Checklist for Influencers: questions for sellers, coaches, leaders, change agents.
Most of you are really good at what you do: as influencers, sellers, coaches, change agents, or leaders, your intuition, excellent skills, and history of success guide your ability to facilitate change for your clients. And yet using conventional models and questions it’s inevitable that your interactions will have bias, and will unwittingly restrict possible outcomes accordingly. Since any bias you enter with will most likely skew the range of answers, the best option would be to enter each interaction with as few biases as possible. Here’s a checklist of questions to help you determine the extent of bias in your interactions:
- When attempting to influence or lead/coach/influence someone (as sellers, leaders, etc.) how can you determine the role your natural assumptions, unconscious expectations, and goals play in biasing or restricting the outcome?
- Are you aware of, and make allowances for, your full range of biases? Can you think of how your biases might predispose specific outcomes? Do you know what you’d need to do differently to enter a conversation without bias or assumptions?
- How do you manage your Communication Partner’s (CP) biases and assumptions to avoid unconscious resistance, fallout, and restricted choice (not to mention lost sales and difficult implementations) and expand choice and possibility?
- Are you aware the extent to which your curiosity and questions are subjectively biased toward the goal you’ve (un)consciously set that 1. potentially precludes a more congruent outcome, 2. alienates many who might need your solutions?
- Due to conventional assumptions for information gathering, how can you be certain that you’re gathering the most appropriate – and complete – information? In other words, are your expectations biasing your outcomes?
- Are you aware of how much your brain filters and miscontrues what you hear and how much more is being said/meant than what you think you’re hearing? Are you aware of the cost of misunderstanding what’s going on outside of your goals and expectations? How much information is available that you’re not asking for due to your biases?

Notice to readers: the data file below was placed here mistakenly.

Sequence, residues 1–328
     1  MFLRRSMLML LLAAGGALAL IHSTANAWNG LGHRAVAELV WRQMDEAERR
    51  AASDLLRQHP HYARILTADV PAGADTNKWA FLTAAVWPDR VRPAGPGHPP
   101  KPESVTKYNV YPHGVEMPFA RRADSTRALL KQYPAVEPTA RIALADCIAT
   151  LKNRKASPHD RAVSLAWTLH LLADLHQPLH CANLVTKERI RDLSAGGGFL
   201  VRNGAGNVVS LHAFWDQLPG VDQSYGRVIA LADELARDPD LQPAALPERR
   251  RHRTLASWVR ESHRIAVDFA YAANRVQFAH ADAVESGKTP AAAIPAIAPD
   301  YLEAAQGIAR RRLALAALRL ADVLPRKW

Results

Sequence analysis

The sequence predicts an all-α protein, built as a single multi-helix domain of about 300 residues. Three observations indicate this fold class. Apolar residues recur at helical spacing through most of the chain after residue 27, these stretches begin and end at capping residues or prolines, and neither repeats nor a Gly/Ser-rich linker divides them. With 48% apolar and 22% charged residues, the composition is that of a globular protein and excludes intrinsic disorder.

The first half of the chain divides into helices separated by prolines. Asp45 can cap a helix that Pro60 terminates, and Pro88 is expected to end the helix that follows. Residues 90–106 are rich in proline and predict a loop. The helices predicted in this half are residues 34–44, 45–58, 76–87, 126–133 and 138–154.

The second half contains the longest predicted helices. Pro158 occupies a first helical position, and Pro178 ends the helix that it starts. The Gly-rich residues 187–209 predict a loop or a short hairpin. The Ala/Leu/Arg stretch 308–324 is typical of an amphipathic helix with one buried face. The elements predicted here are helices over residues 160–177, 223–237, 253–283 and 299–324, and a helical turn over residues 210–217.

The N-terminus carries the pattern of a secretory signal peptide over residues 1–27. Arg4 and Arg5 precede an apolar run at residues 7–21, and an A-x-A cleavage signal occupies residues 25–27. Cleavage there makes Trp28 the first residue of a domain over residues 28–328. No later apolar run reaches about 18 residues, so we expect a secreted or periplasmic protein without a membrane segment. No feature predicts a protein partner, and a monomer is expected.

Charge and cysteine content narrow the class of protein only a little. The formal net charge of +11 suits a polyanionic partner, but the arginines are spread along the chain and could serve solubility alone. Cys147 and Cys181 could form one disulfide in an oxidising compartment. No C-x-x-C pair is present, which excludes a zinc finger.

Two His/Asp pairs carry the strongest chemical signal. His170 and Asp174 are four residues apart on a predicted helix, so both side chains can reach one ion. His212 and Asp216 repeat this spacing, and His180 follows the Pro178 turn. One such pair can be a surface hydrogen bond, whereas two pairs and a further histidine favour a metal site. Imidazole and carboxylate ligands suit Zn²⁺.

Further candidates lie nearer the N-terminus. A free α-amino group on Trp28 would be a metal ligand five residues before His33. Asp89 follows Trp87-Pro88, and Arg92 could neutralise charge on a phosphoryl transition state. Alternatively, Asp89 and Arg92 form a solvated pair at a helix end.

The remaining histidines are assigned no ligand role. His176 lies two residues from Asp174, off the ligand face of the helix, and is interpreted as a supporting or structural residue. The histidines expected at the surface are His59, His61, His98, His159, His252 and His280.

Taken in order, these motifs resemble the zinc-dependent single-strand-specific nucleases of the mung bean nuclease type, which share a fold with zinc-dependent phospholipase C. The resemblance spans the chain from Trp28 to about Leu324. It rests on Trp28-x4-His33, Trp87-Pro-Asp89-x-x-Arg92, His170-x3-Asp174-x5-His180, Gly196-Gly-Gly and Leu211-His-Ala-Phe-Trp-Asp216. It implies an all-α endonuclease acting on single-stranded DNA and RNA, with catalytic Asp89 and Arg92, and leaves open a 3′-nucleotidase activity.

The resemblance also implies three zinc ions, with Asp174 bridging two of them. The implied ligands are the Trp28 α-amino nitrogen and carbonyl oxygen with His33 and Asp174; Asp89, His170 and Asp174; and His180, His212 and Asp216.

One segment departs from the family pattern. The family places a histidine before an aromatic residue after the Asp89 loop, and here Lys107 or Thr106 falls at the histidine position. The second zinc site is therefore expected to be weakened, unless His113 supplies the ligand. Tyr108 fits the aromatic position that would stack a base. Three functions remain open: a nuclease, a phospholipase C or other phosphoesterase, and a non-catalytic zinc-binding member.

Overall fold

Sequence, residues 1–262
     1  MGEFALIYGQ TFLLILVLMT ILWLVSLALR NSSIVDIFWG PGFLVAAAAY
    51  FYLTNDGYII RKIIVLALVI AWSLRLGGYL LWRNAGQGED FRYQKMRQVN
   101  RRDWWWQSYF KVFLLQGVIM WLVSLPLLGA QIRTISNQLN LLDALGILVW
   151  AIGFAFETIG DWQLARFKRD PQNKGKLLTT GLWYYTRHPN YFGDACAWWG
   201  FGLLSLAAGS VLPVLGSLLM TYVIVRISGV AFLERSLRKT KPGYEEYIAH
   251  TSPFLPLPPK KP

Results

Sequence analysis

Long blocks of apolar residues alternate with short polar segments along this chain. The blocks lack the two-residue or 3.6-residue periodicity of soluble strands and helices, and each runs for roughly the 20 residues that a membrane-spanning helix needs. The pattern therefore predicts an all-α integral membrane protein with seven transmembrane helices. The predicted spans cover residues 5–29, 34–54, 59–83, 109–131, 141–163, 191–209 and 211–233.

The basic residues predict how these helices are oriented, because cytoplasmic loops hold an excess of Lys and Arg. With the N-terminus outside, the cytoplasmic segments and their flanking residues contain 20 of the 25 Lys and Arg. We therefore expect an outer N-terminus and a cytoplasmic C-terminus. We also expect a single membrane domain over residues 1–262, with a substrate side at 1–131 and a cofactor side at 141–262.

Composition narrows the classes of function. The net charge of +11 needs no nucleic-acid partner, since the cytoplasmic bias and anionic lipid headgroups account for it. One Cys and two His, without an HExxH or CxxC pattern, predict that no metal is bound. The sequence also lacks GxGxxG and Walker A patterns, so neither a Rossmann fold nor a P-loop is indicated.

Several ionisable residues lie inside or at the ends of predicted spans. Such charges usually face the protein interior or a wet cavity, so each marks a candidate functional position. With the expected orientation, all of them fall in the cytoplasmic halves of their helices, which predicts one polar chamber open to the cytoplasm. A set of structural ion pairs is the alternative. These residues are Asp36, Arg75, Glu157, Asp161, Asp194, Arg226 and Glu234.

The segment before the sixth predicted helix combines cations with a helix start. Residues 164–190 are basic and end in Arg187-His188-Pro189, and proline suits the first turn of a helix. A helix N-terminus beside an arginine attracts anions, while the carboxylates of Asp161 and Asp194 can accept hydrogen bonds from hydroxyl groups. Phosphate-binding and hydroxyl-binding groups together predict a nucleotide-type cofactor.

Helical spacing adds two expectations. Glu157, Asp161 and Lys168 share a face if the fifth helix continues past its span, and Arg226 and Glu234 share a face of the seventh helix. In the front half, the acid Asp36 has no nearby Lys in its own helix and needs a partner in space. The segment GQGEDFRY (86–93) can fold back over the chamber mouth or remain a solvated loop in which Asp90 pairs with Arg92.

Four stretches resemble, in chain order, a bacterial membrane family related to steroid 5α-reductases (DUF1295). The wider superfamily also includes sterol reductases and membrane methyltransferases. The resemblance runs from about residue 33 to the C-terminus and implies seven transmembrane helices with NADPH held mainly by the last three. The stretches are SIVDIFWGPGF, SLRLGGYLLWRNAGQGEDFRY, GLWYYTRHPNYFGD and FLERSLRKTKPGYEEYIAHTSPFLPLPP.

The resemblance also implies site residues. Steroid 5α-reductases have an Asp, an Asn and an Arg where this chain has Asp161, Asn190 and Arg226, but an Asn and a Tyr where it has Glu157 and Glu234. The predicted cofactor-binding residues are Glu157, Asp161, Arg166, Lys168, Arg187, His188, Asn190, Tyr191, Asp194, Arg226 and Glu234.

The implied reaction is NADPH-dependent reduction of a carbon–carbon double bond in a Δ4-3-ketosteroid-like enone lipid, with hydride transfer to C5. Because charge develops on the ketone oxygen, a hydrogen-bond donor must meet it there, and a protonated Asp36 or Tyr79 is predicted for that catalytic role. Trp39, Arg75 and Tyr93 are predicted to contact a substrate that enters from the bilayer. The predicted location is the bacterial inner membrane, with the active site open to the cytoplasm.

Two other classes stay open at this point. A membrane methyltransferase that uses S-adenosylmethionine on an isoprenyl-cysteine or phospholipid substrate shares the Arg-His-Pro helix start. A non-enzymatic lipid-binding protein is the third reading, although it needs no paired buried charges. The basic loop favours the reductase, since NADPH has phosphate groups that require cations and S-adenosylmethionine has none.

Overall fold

- How much of the data you gather turns out to be accurate? How do you know when/if you get inaccurate data? How do your expectations and the bias in your questions interfere with helping the Other discern their most accurate answers?
- What would you need to believe differently to consider that your current skill set, biases, and habitual set of expectations that you enter a conversation with are creating a diminished ability to influence the full extent of real change and avoid resistance?
- How often do you assume something is ‘working’ or was successful – a coaching client was changing, or a buyer was going to buy – and you were wrong in your approach or communication? Do you know for certain what happened behind-the-scenes that caused the failure and you could have circumvented? And if you don’t, what would you have needed to do differently during the interaction(s) to enable more of a collaborative communication?
- Are you aware of how your own biases, assumptions, triggers, and filters, have gotten in the way of success – or do you believe you’re right and the other person wrong/stupid?
- What would you need to believe differently to be willing to add some new skills to use less bias? To enable your CPs to recognize and manage their own unconscious beliefs that have informed their choices and would need to be shifted for change (a purchase, an implementation) to occur so they can easily buy, change or adopt your terrific material?